Review: Shugo Tokumaru – Exit

Posted in Music, Review by jukeboxparables on March 11, 2009


So I was tallying up a score for this album and thought to myself, Oh my is it really that good? So I went back and tried to fault it, again and again but failed. The goal of most album reviews is to dissect an album and strenuously try to put how great (or bad) it is into words that convey the actual output of the sound qualitatively.

Fifteen seconds of the first track and you will know exactly what this album is about. It’s zany, in your face, bizarre circus-style Japanese Folk music and I love every second of it. No over the top in-depth stern talking to required on my part.

Shugo Tokumaru is definitely not a house-hold name to most. Though the young Japanese artist has been releasing music since 2004. This, his latest offering was released in Japan back in 2007 but us gaijins didn’t get it until September 2008.

Exit is a lesson in Indie-Pop-Folk. It’s sung entirely in Japanese, normally foreign albums tend to be grating and quickly lose their novelty but that’s not the case here; I’d happily place Exit amongst my best albums of 2008. The opening track “Parachute” sets you off down an Anime inspired skip and hop through the backstreets of Tokyo whilst warm dazzling lights eventually knock you over and then your falling; out of a plane; towards the city; you spot a circus tent and it breaks your fall. You’ve hit your head and you shake it off and try and come to your senses but track2 “Green Rain” grabs you and shakes you back to your odd dazzling adventure.

The actual music is by no means standardized, the chord progressions of various layered instruments such as: piano, acoustic guitar, drums, synths, flutes and any number of other devices create a brilliant texture of borderline horror-movie insanity but instead of making you feel ostracized as if on a certain illicit substance plagued by paranoia you feel a certain warmth. It’s infectious and catchy yet complex but subtle.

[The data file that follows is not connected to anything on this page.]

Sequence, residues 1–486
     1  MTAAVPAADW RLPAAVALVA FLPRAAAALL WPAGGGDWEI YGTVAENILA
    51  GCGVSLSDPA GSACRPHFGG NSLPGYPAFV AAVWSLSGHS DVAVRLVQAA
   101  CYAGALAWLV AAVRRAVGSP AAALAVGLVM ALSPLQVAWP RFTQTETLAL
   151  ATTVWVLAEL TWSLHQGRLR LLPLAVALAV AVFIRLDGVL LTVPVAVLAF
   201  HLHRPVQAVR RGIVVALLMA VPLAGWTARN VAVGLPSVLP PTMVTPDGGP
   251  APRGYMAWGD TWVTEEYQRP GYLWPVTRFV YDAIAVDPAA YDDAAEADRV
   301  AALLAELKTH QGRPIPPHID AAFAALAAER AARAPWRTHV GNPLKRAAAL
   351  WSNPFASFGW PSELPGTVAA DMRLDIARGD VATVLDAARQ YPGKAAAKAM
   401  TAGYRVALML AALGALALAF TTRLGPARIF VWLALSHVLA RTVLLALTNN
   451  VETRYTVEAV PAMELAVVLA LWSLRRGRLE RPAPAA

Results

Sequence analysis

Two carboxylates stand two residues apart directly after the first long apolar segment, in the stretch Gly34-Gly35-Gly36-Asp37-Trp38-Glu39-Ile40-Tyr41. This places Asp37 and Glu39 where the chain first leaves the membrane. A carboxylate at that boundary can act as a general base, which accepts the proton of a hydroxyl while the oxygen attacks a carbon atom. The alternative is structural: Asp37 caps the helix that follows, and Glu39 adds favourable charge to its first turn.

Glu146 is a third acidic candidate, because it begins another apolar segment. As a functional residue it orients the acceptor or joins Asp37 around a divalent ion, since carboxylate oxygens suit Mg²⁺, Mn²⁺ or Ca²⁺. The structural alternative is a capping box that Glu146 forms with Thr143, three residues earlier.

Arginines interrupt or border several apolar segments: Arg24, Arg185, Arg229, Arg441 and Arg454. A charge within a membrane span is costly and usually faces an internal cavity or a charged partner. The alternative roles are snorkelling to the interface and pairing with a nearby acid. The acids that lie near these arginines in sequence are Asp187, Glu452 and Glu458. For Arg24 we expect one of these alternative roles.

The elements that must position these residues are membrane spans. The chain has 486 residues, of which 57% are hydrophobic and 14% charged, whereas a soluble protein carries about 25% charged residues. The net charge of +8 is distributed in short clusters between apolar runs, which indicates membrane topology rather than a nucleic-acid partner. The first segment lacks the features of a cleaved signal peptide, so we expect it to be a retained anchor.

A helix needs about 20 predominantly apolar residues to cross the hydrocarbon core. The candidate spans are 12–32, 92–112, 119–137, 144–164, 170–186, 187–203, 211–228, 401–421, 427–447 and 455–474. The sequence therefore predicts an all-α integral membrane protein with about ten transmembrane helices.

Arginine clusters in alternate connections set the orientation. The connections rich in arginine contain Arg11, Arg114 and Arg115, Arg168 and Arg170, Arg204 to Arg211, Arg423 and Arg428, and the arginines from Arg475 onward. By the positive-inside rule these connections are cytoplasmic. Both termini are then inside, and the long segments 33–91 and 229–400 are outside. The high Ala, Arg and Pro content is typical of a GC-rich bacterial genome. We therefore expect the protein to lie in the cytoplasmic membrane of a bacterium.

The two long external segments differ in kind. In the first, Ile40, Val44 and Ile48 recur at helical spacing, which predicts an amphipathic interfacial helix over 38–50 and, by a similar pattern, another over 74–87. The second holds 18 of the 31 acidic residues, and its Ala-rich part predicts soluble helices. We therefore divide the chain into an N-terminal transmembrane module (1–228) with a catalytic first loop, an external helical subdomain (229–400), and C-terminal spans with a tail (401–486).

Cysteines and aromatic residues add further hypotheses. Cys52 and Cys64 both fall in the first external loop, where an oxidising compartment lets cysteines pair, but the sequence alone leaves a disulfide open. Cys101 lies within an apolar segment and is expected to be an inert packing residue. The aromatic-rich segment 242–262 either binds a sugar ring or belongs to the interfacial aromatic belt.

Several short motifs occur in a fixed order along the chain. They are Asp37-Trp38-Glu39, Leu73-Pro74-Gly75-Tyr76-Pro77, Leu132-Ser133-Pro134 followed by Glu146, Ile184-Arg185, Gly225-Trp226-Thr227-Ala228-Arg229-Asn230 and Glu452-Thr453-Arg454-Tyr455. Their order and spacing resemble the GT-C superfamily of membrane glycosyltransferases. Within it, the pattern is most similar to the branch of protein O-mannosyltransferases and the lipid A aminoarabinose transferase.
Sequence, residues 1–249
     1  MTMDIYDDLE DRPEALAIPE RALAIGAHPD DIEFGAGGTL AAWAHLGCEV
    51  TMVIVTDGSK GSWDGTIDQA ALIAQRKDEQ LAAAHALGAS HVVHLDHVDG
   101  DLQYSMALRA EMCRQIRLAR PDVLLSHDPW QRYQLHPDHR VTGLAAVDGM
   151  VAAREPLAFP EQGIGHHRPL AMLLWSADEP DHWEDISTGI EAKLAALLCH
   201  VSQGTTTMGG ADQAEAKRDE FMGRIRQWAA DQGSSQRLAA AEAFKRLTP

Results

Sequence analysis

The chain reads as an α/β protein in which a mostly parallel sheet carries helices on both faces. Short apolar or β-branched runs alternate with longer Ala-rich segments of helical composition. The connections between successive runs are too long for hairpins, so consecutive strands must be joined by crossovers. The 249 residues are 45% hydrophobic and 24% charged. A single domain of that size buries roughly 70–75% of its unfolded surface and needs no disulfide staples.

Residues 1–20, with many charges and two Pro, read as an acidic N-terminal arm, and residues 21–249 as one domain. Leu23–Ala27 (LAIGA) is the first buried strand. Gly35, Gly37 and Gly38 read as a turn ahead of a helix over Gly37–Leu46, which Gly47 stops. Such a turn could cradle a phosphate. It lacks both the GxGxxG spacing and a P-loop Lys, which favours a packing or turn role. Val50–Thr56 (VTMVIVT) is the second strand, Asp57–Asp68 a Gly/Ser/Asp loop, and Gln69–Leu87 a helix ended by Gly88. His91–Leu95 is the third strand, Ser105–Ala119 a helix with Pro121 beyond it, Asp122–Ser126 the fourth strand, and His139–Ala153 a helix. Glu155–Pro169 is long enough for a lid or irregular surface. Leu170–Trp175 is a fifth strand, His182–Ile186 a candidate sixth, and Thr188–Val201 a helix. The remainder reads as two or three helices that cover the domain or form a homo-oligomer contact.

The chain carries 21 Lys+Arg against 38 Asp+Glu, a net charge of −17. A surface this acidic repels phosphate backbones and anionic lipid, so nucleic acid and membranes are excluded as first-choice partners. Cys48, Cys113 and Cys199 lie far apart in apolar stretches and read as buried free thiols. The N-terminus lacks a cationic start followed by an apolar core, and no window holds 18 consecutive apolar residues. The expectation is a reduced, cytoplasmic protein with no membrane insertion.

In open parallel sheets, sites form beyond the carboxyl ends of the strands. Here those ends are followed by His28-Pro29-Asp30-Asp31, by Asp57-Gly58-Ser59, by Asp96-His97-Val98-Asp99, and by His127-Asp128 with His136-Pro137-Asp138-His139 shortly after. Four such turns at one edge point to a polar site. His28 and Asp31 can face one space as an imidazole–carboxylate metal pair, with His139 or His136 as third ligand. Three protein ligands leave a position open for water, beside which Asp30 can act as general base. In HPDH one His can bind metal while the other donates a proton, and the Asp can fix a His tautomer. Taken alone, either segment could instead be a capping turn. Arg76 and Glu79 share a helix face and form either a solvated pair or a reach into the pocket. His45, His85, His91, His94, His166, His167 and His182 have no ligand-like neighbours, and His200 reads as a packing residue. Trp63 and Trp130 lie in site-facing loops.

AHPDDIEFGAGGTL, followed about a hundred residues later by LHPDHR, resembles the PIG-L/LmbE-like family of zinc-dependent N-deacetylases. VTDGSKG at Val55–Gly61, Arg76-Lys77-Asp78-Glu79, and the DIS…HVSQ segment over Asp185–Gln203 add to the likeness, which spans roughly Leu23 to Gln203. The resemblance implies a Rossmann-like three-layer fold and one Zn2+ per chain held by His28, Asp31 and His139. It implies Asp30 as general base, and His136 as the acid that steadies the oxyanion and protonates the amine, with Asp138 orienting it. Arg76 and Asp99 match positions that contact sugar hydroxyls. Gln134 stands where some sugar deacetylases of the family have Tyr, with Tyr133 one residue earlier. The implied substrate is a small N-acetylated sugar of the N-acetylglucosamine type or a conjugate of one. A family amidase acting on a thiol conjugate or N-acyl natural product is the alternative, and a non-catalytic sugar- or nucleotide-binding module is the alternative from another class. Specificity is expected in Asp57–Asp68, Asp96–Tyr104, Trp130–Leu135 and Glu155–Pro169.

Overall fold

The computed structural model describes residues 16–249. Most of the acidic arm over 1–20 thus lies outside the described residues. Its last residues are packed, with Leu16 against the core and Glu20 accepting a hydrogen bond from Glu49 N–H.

Shugo apparently bases his songs off a dream journal. This explains a lot. After subsequent listens of Exit you feel distinctly that if that vivid colourful dream you had last night had audio; this would be it’s soundtrack.

This album is east meets west in a way also. Traditional Japanese movements are mixed with Indie-pop rhythms. It’s a bit of everything without leaning too much in one direction to be easily pigeon holed. Comparisons could be made with fellow Japanese artist Cornelius, at least when tracks swing over to the electronic side of things more-so than usual. Shugo himself however claims influence on this album came from Japanese Pop and a pile of old Beatles cassettes. No doubt that analog sound of those cassettes transfused themselves onto Exit.

I’ve already mentioned that this is sung entirely in Japanese, no track better illustrates how much the language barrier is broken by this album than the sing-along “Button” You’ll be singing “Hey yay yay” in no time, even though I’m almost certain that is not what is being said. It somehow doesn’t matter though. This album let’s you go with the flow.

Things get minimalist on “La La Radio” and you get the feeling Sigur Ros is being channeled. A banjo with a traditional Japanese instrument and xylophone? Perfection! Up to 50 different instruments were used on this album along with household items such as cutlery, an ashtray, a doorbell and wind-up toys.

I wish I had a list of translated lyrics so I could comment on lyrical prose but It just doesn’t even matter. To say that it breaks those barriers is an understatement. If there’s a bad point to this album besides it possibly being Schizophrenia inducing (You lose contact with reality, forget your name and perhaps even forget where you are) Is that it’s so solid it’s hard to go back and pick a stand-out track and say I want to put that on repeat. It’s 4stars across the board, all tracks have that special something.

Subsequently, this all adds up to an album with that special something. It’s even more special when you come to realise Shugo produced the album himself on his own laptop.

Rating: 8.3/10


1. “Parachute” – 3:04
2. “Green Rain” – 4:53
3. “Clocca” – 3:27
4. “Future Umbrella” – 2:04
5. “Button” – 4:02
6. “Sanganichi” – 2:37
7. “D.P.O” – 1:51
8. “Hidamari” – 4:37
9. “La La Radio” – 5:28
10. “Wedding” – 3:16

Shugo Tokumaru
Released: 2008
Label: Almost Gold Records


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